Monday, 4 May 2015

DVSA launches new guide to load securing . . .


DVSA launches new guide to load securing

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The Driver & Vehicle Standards Agency (DVSA) has published new guidance for operators, developed in conjunction with industry, on the topic of load security.

The new guide outlines DVSA enforcement methods, where the burden of responsibility for load securing lies, and the potential consequences of failing to secure loads correctly – while also offering practical advice on loading for different vehicle and load types.

The guide can be viewed on PCs, laptops, tablets and smartphones, and incorporates video footage to help operators understand what DVSA is looking for when it makes a roadside stop, and how different securing systems can be used.

In a statement promoting the guide’s publication, DVSA said that it issued over 2,000 prohibitions to vehicles in 2013 which presented a safety risk due to poor load security. The agency also claims that 22,000 road impact incidents occurred in England in the same year, as a result of objects falling from vehicles.

Alastair Peoples, DVSA Chief Executive, said: “Everybody involved in the transport chain needs a good understanding of load securing. The guide shows examples of good practice that can be used, and the serious consequences of poor load securing.”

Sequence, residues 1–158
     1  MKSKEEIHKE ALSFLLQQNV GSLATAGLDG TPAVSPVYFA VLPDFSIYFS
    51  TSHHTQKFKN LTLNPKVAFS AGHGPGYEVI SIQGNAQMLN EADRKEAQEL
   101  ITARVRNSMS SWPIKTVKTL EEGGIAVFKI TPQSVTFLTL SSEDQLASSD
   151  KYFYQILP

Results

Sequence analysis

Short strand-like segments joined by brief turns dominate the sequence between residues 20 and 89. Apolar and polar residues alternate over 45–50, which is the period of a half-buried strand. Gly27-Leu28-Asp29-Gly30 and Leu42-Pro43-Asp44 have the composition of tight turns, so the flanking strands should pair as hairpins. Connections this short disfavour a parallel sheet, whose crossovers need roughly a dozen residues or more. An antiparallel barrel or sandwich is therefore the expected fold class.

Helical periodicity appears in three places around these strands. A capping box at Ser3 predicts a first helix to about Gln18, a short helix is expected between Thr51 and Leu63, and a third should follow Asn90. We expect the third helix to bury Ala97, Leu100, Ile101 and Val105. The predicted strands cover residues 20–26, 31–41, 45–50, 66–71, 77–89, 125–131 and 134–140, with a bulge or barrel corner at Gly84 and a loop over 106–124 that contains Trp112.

“DVSA will continue to take action against drivers and operators who transport unsecure loads.”

“I encourage all operators to take time to read the guide and follow the practical advice. By transporting loads securely, you’ll help to make our roads safer, and save time and money by reducing the cost of damaged goods.”

In a foreword to the guide, the senior traffic commissioner Beverley Bell added: “The operation of all commercial vehicles carries some element of risk and operator licensing is designed to reduce this as much as possible.”

“Taking steps to address the risks associated with load securing is a critical component of your responsibilities, whether as a licence holder, transport manager or driver.”

Both the Freight Transport Association (FTA) and Road Haulage Association (RHA) were involved in the formulation of the guidance.

Jack Semple, RHA director of policy, said: “We are pleased to have been involved in the production of this guide, particularly in ensuring that the responsibility of the consignor, who is loading the vehicle, is given equal prominence to that of the operator and of the driver.”

FTA head of engineering Andy Mair added that the guide would: “assist vehicle operators in the transport and supply chain industry in understanding some of the methods of securing loads, and to improve compliance with load securing standards.”

He continued: “The guidance is primarily aimed at general haulage operators, and contains some good practical advice for FTA members which provides them with important information regarding securing loads in curtain side vehicles used on pallet and general haulage type operations which is welcomed.”

FTA added that DVSA’s Mark Horton would be promoting highlights from the document at the FTA Fleet Engineer conference, scheduled for Wednesday 10 June at Birmingham’s National Motorcycle Museum.

The new load securing guidance is available on the website, and can be accessed here.

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